Few things test your patience more than cooking a brisket. After all, the cooking time can easily exceed 14 hours, depending on the size of the beef. After all that, most people will want nothing but to dig into the meat straight away. However, there is a requirement to let it rest for a while, and this step is necessary, especially if you want your long wait and cooking process to be worth it.
If you’re new to cooking brisket, you’re likely wondering how long to let brisket rest and why it’s necessary in the first place. You can find answers and more useful information on the same in the sections below.
Resting the brisket is crucial and will be included in any recipe you encounter. If you’re still wondering how long to let brisket rest after smoking or grilling, the recommended rest duration is at least an hour. Notably, there are multiple reasons for this. One is a phenomenon known as carryover cooking. This refers to the tendency of internal meat temperatures to keep rising even after the meat has been taken out of the smoker or grill.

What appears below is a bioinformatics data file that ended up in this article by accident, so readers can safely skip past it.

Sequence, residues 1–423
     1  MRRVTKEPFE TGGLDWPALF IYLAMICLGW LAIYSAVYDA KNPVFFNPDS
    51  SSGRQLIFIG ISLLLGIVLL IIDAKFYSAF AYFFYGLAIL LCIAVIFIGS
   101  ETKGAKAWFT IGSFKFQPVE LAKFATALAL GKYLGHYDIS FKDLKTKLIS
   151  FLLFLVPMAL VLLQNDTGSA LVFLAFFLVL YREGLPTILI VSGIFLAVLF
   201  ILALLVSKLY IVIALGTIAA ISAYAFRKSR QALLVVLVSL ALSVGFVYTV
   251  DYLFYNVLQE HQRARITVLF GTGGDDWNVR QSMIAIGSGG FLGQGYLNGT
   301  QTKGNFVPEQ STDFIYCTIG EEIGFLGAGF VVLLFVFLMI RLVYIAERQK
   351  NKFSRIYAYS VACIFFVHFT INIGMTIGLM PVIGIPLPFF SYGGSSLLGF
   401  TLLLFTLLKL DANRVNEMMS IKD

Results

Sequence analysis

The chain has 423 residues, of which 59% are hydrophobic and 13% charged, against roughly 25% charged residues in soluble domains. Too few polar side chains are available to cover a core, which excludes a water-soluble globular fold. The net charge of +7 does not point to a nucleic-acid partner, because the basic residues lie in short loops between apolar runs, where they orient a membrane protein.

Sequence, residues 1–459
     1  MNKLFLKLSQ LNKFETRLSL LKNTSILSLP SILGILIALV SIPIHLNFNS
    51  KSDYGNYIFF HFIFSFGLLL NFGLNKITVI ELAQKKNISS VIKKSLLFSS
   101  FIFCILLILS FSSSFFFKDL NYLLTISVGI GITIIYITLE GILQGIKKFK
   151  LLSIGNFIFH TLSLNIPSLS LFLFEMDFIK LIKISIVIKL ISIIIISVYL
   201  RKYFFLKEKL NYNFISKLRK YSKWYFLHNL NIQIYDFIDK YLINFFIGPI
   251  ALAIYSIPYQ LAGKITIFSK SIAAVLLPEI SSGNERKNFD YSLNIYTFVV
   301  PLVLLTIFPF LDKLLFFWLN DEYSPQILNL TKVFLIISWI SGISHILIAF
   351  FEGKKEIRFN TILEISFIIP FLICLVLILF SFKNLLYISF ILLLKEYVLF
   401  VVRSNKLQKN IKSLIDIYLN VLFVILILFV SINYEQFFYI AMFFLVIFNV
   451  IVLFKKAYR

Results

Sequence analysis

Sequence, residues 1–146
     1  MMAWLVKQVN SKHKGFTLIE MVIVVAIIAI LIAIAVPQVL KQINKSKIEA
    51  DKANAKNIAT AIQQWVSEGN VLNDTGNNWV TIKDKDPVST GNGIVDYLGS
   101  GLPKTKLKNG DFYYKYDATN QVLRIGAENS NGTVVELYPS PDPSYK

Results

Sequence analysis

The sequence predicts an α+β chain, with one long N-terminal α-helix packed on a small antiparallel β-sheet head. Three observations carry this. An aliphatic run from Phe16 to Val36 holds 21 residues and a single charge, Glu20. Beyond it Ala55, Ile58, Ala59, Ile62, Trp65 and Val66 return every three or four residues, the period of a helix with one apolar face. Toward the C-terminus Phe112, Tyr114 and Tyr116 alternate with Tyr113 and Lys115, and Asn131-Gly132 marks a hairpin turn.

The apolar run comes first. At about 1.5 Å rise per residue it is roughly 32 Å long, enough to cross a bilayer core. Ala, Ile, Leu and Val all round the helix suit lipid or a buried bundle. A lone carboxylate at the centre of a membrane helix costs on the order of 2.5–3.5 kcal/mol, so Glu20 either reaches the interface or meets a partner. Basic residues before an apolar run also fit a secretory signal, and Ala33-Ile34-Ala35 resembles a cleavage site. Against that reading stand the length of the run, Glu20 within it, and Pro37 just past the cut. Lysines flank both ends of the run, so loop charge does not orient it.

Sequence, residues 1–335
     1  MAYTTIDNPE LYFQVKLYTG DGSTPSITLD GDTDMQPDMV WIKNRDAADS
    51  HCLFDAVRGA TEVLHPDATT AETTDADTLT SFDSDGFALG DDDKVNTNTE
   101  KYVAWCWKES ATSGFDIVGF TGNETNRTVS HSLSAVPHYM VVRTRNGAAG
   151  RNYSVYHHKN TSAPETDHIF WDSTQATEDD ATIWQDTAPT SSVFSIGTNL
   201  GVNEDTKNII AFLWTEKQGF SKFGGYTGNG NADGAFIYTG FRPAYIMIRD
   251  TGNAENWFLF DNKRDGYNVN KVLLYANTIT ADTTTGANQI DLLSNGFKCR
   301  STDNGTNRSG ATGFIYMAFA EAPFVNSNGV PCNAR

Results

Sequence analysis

The ideal doneness level for brisket is an internal temperature of 202 degrees Fahrenheit. On the other hand, carryover cooking will raise the internal temperature by between 5-10 degrees Fahrenheit. As such, most recipes will account for this difference by recommending you take the meat out when it reaches 195 degrees. If you don’t follow the instructions, there is a genuine chance the meat will be overcooked.
To ensure you get the right internal temperature use a specialized solution like the ThermoPro TP20 meat thermometer. Our experts recommend the thermometer because it has an inbuilt alert system that can notify you once the ideal temperature is reached.